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Nintendo’s Third Party Problem

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Posted July 15, 2013 by Esteban Cuevas in Editorials
Nintendo's Third Party Problem

Nintendo’s Wii U has been out for roughly eight months and there have been numerous reports of third party developers canceling Wii U versions of their games or simply not developing for the console. Ubisoft, once one of the Wii U’s most prominent third party supporters with titles like Rabbids Land, ZombiU, and Assassin’s Creed III, has ceased all Wii U exclusives, including the long awaited Rayman Legends, and even Electronic Arts has announced that it has no Wii U titles currently in development. It looks like hard times for the Wii U and Nintendo may have a failing console on their hands.

However, doesn’t this scenario seem familiar to anyone? Nintendo has been in this situation not once but twice before. The Nintendo 64 struggled with its third party support due to the company’s decision to stick with cartridges instead of moving on to compact discs and the GameCube was a distant third behind the Xbox and PlayStation 2 during the sixth generation of consoles due in large part to more third party games coming out on the other consoles. However, Nintendo have always manage to weather the storm last place in a console generation usually brings. So why should this generation be any different?

Gamers like to talk about how Nintendo is finally going to fall and how they’re going to have to either become a third party developer or go out of business. It’s expected that Nintendo is going to go the way of Sega and survive only on their licenses. However, Nintendo has a thriving handheld market and although the 3DS isn’t as popular as the original DS, it is doing well enough to keep the company afloat. What’s more is the 3DS does have decent third party support so does Nintendo have a third party problem at all?

I know it seems like I’m asking more questions than answering but there’s a point to this and here it is: Yes this generation is different and yes Nintendo still indeed has a third party problem. However the real question is how long will Nintendo remain in the console business? You see, for the first time in 30 years, Nintendo is losing money. Despite the N64 and GameCube’s problems, those consoles manages to make money for the company because the built them so efficiently that they would still make money despite it’s low sales. The Wii at the end of its life wasn’t so lucky and the company reported its first loss back in 2011. Similarly, the 3DS despite its success is still losing money with Nintendo because they expected the sales to be better than what they currently are. So the company was already hemorrhaging money when the Wii U came out and lets not forget that the Wii U is the company’s first HD console, which costs much more than SD content.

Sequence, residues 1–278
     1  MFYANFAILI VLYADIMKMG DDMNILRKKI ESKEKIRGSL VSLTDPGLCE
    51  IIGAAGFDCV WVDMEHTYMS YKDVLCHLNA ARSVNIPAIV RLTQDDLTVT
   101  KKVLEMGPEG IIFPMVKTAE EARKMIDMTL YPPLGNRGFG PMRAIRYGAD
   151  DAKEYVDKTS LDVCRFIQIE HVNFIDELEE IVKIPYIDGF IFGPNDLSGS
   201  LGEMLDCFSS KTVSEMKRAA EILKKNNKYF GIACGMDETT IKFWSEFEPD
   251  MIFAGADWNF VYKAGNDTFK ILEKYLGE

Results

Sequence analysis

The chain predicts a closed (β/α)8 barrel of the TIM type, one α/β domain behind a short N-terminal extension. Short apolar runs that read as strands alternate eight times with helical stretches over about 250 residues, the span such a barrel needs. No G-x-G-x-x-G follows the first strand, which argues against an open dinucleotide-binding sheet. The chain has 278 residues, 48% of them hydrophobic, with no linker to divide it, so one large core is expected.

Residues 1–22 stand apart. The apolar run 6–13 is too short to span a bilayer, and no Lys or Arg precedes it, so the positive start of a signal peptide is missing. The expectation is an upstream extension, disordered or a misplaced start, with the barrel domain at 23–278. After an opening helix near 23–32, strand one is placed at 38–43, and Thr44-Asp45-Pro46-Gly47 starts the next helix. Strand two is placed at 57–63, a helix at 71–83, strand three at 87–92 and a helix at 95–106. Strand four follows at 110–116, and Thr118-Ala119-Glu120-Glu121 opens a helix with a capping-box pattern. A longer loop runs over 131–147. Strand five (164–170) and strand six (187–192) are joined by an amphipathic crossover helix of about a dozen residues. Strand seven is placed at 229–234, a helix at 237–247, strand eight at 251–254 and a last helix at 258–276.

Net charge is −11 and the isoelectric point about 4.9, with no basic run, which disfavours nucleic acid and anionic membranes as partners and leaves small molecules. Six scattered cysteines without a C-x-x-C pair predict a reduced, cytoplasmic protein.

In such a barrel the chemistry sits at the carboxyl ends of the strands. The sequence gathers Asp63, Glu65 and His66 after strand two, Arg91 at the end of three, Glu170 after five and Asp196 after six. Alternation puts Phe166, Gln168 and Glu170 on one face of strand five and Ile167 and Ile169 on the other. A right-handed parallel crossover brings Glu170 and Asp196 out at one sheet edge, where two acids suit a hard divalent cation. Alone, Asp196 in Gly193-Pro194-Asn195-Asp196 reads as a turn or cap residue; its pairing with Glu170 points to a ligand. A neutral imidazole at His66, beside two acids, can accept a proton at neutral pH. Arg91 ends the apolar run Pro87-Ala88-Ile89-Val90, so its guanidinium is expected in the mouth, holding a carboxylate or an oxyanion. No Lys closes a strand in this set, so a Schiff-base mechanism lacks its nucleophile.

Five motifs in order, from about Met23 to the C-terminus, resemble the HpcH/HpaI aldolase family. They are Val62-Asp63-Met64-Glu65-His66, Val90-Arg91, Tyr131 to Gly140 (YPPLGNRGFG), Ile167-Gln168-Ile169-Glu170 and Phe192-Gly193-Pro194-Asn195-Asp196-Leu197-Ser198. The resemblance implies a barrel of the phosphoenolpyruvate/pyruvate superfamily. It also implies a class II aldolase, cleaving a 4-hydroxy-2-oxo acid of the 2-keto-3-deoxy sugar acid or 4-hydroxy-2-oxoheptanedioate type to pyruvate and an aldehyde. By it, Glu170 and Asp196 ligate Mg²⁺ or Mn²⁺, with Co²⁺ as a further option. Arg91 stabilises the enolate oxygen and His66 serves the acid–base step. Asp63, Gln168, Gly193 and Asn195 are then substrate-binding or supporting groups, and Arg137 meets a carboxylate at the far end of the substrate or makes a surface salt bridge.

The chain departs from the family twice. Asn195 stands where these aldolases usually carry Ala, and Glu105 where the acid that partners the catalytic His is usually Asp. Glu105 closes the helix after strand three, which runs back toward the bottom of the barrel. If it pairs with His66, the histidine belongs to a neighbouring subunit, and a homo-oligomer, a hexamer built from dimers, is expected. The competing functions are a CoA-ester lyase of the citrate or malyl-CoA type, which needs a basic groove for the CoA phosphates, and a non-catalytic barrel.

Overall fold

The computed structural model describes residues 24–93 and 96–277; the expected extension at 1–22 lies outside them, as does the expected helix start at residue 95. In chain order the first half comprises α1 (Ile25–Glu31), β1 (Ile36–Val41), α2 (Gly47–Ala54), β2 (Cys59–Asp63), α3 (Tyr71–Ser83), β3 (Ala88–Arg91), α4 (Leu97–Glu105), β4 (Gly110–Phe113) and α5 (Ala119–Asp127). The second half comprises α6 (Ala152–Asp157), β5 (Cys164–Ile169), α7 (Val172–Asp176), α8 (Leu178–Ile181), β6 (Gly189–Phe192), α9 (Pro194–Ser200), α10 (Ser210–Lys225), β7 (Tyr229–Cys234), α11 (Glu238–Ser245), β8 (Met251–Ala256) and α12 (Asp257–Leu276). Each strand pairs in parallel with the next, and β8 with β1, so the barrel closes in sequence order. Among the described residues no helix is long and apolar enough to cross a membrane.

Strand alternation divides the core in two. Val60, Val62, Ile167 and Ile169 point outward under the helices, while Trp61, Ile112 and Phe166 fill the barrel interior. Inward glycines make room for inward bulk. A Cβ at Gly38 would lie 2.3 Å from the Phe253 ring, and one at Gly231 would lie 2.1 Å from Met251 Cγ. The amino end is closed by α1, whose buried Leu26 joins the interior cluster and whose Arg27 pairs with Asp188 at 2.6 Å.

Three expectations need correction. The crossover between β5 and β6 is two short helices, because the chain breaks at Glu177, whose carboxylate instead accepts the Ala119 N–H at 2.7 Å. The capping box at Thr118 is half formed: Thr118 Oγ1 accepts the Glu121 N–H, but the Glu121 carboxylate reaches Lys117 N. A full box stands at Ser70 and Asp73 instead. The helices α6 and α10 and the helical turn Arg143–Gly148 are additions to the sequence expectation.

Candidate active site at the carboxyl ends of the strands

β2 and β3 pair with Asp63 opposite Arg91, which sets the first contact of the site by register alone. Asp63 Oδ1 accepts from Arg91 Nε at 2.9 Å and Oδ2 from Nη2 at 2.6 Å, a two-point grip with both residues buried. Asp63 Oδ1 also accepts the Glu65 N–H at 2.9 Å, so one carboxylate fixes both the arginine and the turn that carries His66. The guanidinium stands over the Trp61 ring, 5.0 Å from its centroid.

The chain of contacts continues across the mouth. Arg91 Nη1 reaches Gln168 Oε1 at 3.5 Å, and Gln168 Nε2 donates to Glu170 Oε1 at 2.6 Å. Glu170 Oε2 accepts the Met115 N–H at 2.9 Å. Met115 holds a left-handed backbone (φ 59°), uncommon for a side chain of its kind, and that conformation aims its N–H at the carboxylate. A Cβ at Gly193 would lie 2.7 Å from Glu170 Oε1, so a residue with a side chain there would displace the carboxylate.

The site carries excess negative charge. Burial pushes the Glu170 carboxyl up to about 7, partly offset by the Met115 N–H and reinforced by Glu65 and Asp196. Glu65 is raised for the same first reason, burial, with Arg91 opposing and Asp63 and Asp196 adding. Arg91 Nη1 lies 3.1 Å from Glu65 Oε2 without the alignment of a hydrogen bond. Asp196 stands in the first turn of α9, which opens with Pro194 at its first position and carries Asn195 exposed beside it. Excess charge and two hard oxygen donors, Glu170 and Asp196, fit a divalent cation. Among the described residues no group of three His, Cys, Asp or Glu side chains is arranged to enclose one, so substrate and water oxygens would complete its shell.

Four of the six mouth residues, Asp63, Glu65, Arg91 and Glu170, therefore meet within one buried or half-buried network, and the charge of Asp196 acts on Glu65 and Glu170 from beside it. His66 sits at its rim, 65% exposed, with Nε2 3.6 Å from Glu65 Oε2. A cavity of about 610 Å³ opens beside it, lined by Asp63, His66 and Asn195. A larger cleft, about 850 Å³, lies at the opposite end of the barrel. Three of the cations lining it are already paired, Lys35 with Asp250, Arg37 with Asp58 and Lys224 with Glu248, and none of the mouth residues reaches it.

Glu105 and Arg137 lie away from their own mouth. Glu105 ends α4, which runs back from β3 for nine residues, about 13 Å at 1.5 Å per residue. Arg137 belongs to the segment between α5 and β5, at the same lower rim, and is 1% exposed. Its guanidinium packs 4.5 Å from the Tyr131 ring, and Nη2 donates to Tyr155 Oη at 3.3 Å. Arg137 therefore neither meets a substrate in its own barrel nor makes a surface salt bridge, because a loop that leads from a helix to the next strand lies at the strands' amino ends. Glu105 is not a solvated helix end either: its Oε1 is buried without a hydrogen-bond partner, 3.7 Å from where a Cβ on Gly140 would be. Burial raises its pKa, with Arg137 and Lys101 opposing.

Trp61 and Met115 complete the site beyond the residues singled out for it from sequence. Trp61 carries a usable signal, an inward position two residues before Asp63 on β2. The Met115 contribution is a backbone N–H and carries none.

Some people say that you buy a Nintendo console now to play Nintendo games, not to play third party titles and therefore the point is moot. However, time has shown that this has managed to keep Nintendo afloat but not dominate its market like it did in the NES and SNES days. That may have been fine then but Nintendo is now in a place where just getting by is not going to cut it anymore. A company that’s losing money combined with a failing product cannot stand and unless something drastic happens, the console race may turn into a two man show.

It’s true that Nintendo has had a third party problem but it’s only been a problem that has concerned gamers up to this point. There weren’t enough games for the N64, games played awkwardly on the GameCube and most of the third party games on the Wii were crap but that only concerned those who played and developed the games, not the business end of the company. However, now it’s a business problem. Because even though we have Super Mario 3D World, Super Smash Bros, and The Legend of Zelda Wind Waker HD coming soon, time has proven that’s not enough.

I would rather Nintendo not fade away but I’m not so blind as to not see that they did this to themselves as well. I’ll probably buy a Wii U at some point because I want to play Mario Kart 8 even though its the same thing as the other Mario Karts and I’m an idiot but it won’t be enough. Nintendo itself isn’t enough anymore. Nostalgia can only take you so far and it looks like that point is now.


About the Author

Esteban Cuevas


  • Kevin

    Want to feel bad for Nintendo but something tells me this is just plain old Karma rearing it’s head now.

    • Esteban Cuevas

      I understand that. This has been a long time coming for a long time. Still, as a lover of video games, I’d rather they pull out of this and be successful again.

  • BimmerLover

    I agree with this article but you’re just scraping the surface. In order to see how Nintendo in now in the “red” one should also look into their first-party offerings.

    1. HD remakes? No originality, just pandering. Also, while I loved Windwaker, it wasn’t a great Zelda game. Certainly not on par with A Link to the Past or Ocarina of Time.
    2. There’s only so many ways you can make a Mario game. Hey look, he’s a cat now…!
    3. Where’s Metroid?
    4. I’m careful with this next one… Where are the M-rated games that are originals? Nintendo’s soul rests with children and the parents who raise them. If Nintendo wishes to go down and adhere to their past ideals, I applaud them, but… If they choose to adapt to changing times, they may survive… But at what cost?

    The chickens are coming home to roost and Nintendo has nothing to offer. The question will ultimately come down to the decision of what it means to company to continue to make hardware? Are they about the games, the experience, the hw specs, both, or do they just want to the company they used to be a decade or so ago…

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